Have Questions? Call Us Toll Free (877) 880-5251

Molecule enables blind mice to see the light

Mice injected with a molecule developed by neuroscientists at the University of California at Berkeley were able to react to light. The researchers are hopeful that patients injected with the molecule would be able to be fitted with smart goggles which would then be able to interpret the surroundings into a photo simulation. The molecule works by opening the backed-up ion channels in the retina and then it completes the electrical circuit to the cellular layers of the retina beyond the dead rods and cones, which then allows these layers to "sense" light. At this point, the drug only lasts for about one week. One huge benefit of the molecule is that it only works on diseased rods and cones and will leave healthy rods and cones untouched. This hopefully indicates that there will be no side effects on the rest of the retina. Preclinical testing is the next step and if all goes well, then hopefully the drug will go to the FDA within three years.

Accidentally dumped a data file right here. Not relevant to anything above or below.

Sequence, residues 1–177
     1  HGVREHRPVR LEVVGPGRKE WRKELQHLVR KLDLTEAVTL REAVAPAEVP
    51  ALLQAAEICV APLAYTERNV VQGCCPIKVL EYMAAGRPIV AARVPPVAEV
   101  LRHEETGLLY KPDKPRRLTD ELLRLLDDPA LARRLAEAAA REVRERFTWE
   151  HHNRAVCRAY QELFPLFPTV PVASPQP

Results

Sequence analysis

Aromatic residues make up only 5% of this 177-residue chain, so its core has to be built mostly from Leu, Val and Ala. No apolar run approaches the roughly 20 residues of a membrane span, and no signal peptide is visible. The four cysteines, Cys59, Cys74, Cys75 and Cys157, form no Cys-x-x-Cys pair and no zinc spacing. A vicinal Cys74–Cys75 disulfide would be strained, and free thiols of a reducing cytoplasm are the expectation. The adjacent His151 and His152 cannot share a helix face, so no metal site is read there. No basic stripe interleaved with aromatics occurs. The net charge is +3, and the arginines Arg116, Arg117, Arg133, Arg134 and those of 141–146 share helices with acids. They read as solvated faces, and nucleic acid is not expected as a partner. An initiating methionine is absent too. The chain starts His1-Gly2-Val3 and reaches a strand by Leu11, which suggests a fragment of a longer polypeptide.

Search VisiVite